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Three years after the attacks of September 11th, I was pretty disturbed to read this story in today's NYT:

The Federal Bureau of Investigation is on the verge of scrapping a $170 million computer overhaul that is considered critical to the campaign against terrorism but has been riddled with technical and planning problems, F.B.I. officials said on Thursday.


The development is a major setback for the F.B.I. in a decade-long struggle to escape a paper-driven culture and replace antiquated computer systems that have hobbled counterterrorism and criminal investigations. Robert S. Mueller III, the bureau's director, along with members of the Sept. 11 commission and other national security experts, have said the success of that effort is critical to domestic security. (Emphasis added.)

Are they KIDDING me? Why can't they get this right, especially since these are long-standing problems, problems which the FBI was made aware of well before 9/11 - hell, a really, really long time before 9/11:

One of the major problems with the system is that the agency that submits an entry is responsible for keeping it up to date. Once an entry has been made, there is little motivation for the originating agency to "waste" its time keeping it up to date, so many entries become incorrect with the passage of time.

The quote above is from 1986. Plus ça change, ay? More recent problems include refusing to hire chubby security expert geeks because they can't pass the Bureau's fitness requirements (as if these guys are going to be out in the field); ancient desktop computers and networks so slow that faxes were preferred to e-mails; and, generally, a culture that was hostile to IT:

Former FBI director Louis Freeh "was not interested in technology" during his eight years at the helm, said Ronald Kessler, author of two books on the bureau. "The first thing he did when he became director was order his computer on his desk be taken out. He did not use e-mail."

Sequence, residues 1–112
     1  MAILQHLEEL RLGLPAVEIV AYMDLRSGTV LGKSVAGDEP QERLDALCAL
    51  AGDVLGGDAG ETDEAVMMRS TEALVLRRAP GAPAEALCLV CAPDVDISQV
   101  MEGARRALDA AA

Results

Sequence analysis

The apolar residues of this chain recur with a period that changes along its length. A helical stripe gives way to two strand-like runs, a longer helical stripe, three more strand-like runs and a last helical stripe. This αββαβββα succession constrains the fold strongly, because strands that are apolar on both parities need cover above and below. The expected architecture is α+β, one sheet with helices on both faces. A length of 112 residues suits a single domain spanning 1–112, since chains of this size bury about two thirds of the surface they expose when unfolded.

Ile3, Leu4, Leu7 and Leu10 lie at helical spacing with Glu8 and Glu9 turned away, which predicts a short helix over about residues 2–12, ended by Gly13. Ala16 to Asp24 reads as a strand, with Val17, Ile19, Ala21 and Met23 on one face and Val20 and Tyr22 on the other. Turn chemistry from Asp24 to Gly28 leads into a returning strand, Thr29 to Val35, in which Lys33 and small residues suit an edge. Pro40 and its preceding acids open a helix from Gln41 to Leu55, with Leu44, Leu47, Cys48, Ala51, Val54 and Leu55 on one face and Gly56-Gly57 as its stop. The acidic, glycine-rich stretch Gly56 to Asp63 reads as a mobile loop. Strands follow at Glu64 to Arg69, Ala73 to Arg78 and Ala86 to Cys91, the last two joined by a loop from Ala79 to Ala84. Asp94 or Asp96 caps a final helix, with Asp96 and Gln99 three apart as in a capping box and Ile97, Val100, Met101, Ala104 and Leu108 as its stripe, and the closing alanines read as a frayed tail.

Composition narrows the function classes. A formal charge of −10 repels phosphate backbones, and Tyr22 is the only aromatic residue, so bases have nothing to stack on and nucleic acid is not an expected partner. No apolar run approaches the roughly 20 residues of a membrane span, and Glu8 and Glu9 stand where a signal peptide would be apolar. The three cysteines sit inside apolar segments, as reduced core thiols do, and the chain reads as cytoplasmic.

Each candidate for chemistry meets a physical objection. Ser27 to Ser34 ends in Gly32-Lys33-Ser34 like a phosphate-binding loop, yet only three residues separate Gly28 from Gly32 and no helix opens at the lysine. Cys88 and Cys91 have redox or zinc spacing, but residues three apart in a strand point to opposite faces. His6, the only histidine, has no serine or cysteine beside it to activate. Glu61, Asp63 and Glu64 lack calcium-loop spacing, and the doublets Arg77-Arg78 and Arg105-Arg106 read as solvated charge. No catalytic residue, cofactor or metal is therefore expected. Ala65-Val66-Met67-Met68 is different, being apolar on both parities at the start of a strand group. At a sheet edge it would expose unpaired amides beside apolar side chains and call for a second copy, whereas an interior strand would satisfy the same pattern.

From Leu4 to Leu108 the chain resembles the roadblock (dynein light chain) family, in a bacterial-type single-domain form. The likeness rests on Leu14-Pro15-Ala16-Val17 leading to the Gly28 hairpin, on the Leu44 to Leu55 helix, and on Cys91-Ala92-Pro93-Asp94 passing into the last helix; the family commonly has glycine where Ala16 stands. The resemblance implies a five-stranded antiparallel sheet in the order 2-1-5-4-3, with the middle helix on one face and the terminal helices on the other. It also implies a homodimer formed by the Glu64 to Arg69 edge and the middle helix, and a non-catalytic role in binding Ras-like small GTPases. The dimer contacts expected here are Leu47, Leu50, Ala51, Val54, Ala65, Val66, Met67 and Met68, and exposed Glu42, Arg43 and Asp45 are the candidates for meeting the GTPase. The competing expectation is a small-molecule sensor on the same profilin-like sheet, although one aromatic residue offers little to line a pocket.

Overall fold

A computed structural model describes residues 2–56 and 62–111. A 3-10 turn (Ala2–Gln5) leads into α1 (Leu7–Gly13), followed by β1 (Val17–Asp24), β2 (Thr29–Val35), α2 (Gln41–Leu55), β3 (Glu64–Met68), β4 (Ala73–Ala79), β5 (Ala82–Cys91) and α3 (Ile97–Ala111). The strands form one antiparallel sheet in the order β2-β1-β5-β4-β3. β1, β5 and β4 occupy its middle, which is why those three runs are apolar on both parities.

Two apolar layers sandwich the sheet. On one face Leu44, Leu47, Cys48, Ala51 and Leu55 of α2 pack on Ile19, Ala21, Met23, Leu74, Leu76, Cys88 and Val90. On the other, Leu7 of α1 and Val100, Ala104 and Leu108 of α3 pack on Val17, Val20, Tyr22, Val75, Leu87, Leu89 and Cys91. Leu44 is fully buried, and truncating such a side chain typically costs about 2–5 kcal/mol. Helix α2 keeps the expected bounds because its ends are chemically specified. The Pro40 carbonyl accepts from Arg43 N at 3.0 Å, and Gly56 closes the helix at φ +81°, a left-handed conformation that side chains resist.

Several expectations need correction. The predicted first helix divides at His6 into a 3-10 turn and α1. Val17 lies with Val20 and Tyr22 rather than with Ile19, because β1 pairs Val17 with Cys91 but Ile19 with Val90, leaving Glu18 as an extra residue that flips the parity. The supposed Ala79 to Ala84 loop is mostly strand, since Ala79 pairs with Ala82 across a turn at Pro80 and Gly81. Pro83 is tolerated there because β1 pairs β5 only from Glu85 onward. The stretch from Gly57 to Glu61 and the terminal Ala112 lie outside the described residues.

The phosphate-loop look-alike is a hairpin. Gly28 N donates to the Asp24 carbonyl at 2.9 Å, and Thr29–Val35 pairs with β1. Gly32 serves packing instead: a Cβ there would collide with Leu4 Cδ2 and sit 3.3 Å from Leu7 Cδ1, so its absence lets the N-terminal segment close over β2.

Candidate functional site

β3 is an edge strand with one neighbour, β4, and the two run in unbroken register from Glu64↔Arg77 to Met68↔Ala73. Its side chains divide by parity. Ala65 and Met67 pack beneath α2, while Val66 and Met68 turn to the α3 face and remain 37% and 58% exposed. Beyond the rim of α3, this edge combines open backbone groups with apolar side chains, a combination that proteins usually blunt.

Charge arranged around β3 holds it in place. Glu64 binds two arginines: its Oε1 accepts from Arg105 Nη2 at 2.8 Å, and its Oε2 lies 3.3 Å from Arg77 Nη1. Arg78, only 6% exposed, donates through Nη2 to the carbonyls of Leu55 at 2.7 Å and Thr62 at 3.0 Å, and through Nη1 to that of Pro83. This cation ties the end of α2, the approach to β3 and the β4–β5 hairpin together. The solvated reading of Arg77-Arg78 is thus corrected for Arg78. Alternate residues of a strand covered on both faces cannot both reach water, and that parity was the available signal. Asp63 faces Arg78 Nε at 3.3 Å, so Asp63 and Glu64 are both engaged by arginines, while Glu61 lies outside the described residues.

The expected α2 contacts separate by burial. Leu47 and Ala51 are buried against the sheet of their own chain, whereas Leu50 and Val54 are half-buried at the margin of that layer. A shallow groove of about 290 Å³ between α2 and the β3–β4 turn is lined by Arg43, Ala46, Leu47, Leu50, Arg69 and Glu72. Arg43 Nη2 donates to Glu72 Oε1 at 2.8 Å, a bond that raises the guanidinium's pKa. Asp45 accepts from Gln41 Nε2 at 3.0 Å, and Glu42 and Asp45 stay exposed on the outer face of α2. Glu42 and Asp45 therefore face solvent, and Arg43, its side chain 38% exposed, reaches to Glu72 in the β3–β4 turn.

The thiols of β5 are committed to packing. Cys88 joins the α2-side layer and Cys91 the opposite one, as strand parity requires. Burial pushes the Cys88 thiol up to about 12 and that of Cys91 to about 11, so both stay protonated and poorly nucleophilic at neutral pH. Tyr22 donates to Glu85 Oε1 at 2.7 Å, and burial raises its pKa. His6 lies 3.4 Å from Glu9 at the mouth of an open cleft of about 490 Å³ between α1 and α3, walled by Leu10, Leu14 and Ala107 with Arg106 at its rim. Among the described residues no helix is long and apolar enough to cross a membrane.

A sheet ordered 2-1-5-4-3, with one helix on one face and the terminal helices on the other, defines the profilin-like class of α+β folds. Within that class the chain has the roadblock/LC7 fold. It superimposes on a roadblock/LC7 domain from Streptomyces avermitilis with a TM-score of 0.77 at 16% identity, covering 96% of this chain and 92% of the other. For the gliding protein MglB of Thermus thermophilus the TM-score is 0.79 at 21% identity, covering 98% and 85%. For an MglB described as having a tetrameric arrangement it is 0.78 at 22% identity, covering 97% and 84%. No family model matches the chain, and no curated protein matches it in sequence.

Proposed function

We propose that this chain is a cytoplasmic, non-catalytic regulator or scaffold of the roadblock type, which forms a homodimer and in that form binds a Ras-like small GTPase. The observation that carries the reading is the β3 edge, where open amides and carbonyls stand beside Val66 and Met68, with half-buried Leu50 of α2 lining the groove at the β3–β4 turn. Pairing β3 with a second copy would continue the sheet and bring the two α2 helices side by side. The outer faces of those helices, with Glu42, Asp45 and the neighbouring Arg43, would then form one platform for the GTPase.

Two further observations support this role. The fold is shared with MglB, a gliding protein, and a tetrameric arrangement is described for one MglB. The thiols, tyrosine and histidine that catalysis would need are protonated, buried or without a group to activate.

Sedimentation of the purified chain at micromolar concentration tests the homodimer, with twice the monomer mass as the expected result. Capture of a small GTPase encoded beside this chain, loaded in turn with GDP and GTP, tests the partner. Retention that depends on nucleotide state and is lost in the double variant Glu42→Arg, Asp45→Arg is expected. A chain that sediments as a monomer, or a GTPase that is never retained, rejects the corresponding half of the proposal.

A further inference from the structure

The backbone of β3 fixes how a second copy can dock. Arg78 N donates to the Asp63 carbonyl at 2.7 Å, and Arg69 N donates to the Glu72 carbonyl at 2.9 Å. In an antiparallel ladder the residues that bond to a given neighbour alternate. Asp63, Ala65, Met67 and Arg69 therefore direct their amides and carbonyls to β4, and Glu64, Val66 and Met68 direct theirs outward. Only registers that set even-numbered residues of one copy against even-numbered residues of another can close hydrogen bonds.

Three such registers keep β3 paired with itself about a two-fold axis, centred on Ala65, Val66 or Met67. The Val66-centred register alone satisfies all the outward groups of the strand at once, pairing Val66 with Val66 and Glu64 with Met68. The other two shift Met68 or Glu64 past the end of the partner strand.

Before you say, "This is a difficult job," please bear this in mind:

[O]ther intelligence agencies like the C.I.A. and the National Security Agency developed sophisticated and secure computer systems long ago....

If the CIA and NSA can do it, surely so can the FBI. Look, I expect nothing but incompetence from the Bush Administration, but this isn't exactly some Dick Cheney task force or John Ashcroft-led investigation. This is a major government agency which should have its own vested interest in improving the state of its IT. There are no excuses - none - for not getting this right, not when there are so many lives at stake.

Originally posted to Daily Kos on Fri Jan 14, 2005 at 09:46 AM PST.

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Comment Preferences

  •  Kudos to any mention of 'Tron' in a political blog (4.00)
    Can we talk about early 80's video games now?
  •  main framing (none)
    Its IT, maybe it can be outsourced
  •  One comment (none)
     As far as computing goes, government is ALWAYS behind. It's the way government is run - agencies don't get the newest equipment, or the flashiest. This is why NASA was running with computers that didn't do graphics until the late 1980's or so.

     For my money, they could run the system on Tandys and be fine, as long as they put decent techs to work in the system and put decent workers in the offices to keep material streamlined. Precious little in budgets lately to hire people, though - too much is being thrown on the fire to placate the Gods What Brought Us The Iraqi War.

    It's been a time, therefore, of illusion and false hopes, and the longer it continues, the more dangerous it becomes.- John Anderson

    by Anderson Republican on Fri Jan 14, 2005 at 09:37:47 AM PST

    •  Agreed (none)
      As one who worked in the aerospace industry until the last 5 years, I can vouch for this.

      My boyfriend still works in that industry ... and a mission planning tool that he is working on for the Air Force, that runs on a Sun Computer, is still using VERSION 2.0 of the Solaris operating system -- probably from the 80s or early 90s.  So old that Sun does not even support it any more!

      Plus they did not upgrade their office PCs from Windows 95 until a couple of years ago!

      One problem with defense contracts is that they specify the operating system to use -- it can only be one that has been "certified" as being secure, etc.  So the mission planning tool he is working on has been around for years and years and they are contractually bound to use the same OS that is specified in the original contract.

      God help them if it develops problems for which they need technical support .. they are screwed.

      •  Try the insurance industry (none)
        I toiled in it for 10 years. Their stuff was state of the the 80s.  Then I moved into legal publishing, these boys take IT really seriously.  My friends in the insurance world are just happy they moved from Windows 95 to 98!  
      •  The government has problems with IT (none)
        When you look at Civil Service pay scales, you will see that they can't afford to hire technically qualified personnel. The result is that they have no in-house technical capability. [This is a generalization.] Then the problems they are dealing with are more complex than those of private enterprise, particularly the trade-offs between a distributed system and security of the data that has to be quickly updated.